Welcome to miller's pond, a poetry site that welcomes poets with a wide range of poetic styles, structures, and subjects.
As of 2009, miller's pond is no longer a print publication. The web version is published 3 times a year. The editor, Julie Damerell, only accepts electronic submissions for the web version, and there is no payment for publication. Submissions can be sent any time but are only read before the fall semester and between the spring and fall semesters.
The Fall 2015 miller's pond (Volume 18, Issue 3), with 18 poets (!) will be available soon. A review of James B. Nicola's Manhattan Plaza, by Lindsey Martin-Bowen, is newly available on our Reviews page.
Any submissions received from this point will be considered for the Winter 2016 issue and will not be read until sometime in late December. The editor, Julie, reads poems in late December (Winter issue), March/April (Spring issue), and August (Fall issue). Reading periods are determined by breaks between or within the editor's college semesters.
Please see the Guidelines for further information on how to submit to miller's pond. Poets who don't get an email either accepting or declining their submissions are the poets who didn't follow the guidelines.
Our shelves are overflowing with past issues of miller's pond and we need to make room for future book projects!
ON SALE NOW - ALL MILLER'S POND POETRY issues from 1998 through 2004
only $1 each!
Save on shipping - purchase all 7 issues - get a bonus book - Words of Wisdom - plus $3.50 s&h.
This incredible sale won't last.
Purchase via our bookstore.
Each issue of miller's pond in the on-line version is archived and accessible for your enjoyment. And most of our print copies are still available for sale.
Please help support the magazine for future publications by buying a copy of two.
Also check out the poetry chapbooks published by H&H Press, available in our bookstore.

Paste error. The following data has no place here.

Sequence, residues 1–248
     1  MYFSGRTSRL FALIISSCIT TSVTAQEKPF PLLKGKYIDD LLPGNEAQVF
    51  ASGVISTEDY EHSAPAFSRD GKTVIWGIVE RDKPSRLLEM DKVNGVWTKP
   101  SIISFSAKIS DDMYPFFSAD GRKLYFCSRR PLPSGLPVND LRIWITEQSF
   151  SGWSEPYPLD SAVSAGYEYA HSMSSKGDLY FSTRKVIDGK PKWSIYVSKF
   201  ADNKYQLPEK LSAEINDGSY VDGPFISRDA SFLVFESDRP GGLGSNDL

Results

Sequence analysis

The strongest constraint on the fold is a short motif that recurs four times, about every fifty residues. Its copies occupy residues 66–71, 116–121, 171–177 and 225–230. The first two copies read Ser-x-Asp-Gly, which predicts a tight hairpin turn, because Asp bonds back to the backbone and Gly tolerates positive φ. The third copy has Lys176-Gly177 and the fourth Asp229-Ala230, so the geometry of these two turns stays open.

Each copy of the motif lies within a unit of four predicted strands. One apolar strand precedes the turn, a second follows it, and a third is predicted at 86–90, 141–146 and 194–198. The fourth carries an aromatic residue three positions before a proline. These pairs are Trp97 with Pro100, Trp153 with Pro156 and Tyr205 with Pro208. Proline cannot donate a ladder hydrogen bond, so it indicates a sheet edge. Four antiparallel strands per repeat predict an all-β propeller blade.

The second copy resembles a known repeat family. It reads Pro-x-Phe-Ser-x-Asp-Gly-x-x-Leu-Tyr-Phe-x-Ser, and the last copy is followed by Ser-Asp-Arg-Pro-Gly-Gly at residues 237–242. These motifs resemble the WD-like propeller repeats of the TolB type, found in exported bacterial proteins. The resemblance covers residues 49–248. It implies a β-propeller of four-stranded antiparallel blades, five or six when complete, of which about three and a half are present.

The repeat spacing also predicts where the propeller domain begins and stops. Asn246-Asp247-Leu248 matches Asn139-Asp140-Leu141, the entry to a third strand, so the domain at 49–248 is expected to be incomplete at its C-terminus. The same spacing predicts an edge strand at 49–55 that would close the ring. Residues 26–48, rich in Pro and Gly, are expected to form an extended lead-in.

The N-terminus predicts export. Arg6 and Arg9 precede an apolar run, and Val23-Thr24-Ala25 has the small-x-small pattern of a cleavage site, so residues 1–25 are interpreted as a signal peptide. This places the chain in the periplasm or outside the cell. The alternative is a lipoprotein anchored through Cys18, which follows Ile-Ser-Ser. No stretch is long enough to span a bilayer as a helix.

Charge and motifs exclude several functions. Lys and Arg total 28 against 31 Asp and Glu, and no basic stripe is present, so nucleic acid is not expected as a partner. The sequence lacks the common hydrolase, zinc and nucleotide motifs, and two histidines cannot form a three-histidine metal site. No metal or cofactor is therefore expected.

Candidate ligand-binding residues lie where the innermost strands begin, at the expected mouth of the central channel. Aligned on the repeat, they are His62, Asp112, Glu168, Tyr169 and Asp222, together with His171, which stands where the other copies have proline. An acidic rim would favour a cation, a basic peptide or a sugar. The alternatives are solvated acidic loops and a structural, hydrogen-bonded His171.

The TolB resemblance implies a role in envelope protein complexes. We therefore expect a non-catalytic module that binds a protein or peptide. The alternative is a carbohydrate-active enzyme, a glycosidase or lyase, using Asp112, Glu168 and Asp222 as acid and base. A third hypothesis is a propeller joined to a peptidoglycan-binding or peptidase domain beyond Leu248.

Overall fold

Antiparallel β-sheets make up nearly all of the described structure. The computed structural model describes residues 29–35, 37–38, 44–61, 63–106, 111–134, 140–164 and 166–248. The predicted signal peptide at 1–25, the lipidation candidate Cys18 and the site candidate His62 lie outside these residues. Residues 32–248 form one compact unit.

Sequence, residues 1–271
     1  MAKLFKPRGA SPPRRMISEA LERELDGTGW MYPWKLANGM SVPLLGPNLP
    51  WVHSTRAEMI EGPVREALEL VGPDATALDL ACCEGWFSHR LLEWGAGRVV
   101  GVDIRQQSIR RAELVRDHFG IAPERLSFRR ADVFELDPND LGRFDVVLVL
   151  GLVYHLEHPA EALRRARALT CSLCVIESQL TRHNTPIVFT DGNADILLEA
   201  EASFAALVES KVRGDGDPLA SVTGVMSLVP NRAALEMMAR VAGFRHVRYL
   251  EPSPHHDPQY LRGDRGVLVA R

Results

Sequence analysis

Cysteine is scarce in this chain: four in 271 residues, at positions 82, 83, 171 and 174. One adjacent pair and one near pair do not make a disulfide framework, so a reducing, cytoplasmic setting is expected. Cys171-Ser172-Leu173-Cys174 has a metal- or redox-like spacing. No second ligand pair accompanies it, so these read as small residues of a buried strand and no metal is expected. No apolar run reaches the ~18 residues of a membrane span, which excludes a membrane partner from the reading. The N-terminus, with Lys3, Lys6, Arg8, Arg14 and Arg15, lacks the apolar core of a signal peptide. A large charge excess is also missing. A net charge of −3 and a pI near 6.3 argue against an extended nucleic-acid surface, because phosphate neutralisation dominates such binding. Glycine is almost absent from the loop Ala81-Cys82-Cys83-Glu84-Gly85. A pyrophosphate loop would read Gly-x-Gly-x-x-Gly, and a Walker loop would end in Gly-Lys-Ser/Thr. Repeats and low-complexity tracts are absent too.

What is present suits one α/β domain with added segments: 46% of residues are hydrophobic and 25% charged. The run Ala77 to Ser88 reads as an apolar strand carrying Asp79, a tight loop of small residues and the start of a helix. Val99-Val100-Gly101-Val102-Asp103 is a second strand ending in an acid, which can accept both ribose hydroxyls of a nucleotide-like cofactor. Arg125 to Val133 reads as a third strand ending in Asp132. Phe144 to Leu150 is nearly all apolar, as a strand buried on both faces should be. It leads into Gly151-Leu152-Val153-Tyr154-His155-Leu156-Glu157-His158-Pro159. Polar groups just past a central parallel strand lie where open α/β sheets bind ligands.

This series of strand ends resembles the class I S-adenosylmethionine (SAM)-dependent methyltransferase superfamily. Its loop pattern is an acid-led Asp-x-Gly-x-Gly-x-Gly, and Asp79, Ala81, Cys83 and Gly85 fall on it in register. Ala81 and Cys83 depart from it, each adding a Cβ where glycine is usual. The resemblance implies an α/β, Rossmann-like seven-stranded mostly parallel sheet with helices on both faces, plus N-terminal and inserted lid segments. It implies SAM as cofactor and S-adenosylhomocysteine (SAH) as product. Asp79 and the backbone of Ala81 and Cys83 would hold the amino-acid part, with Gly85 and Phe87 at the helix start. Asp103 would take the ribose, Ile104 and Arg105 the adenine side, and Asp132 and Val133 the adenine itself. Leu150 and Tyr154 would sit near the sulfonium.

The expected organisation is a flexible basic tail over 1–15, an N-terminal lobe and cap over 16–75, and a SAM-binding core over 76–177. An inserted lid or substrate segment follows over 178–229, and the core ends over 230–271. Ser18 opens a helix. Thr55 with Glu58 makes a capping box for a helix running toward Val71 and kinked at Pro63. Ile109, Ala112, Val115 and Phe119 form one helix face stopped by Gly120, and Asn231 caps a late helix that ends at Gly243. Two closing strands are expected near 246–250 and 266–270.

poems by Julie Damerell
(written for the April 10, 2010 Inauguration of Dr. Anne Kress, President of Monroe Community College)
Arms wide in welcome, today we hear
the pounding of thousands of first steps.
Surrounded by the waters of lake, river, and canal
we rejoice with voices saying yes
eyes open to possibilities, hands swimming
to the surface of the day, breaking its glassy sheen.
We are called to fill this space with light
every day to shape silence
with blessing, to make our work
another name for honor. Applause
for morning, for sun sprawling
across that arched bridge from our past
to our tomorrow, for hearts open
to one more chance. Applause
for hands joining to walk
through the open door.
Applause for the light.
One Easy Answer
Before us sparrows curve into the sky
like ashes tempted by wind, flying from bones
of another fall. My children wonder
why our road is dirt, why we live so high
on this hill, why stones interrupt our walk.
I cannot deny the small deaths that brought me
here. Desires sown but untended: three loves
left on a vine, two secrets borne, one promise
to return, unkept. We are here because the way
is up, our road unpaved to atone for holes
unfilled, our path rough to remind me the journey
is long. To them I reply, here is home.
In the Heat of an October Night
Black before time, the sky spools yellow
through treetops, illuminating maple skeletons.
Thunder tumbles across sullen fields, spills fear
from chasms that spit dark, then darker.
We ignite candles, gather flashlights, rummage
for a cache of candy.
Shadows thrown by fingertip flames drop
from walls, shift left to right, lengthen to reveal
secrets normally wound tight within our frames:
we’re more alone than we thought, more afraid
than we admit, less defined by day than night.
In the absence of color, the absence of clamor, desire
assumes shapes recalled to the tune of water on glass,
the hollow of night, a flicker of light wrapping bare trees.
Green Is Not Enough
As the crow flies
is better than not at all,
and though brushed by knees in jeans
climbing to the sky is better
than never touching blue
these branches wish they were wings.
Blame it on the snake
whose coil left the tree
wanting more than green.
previously published in Melic Review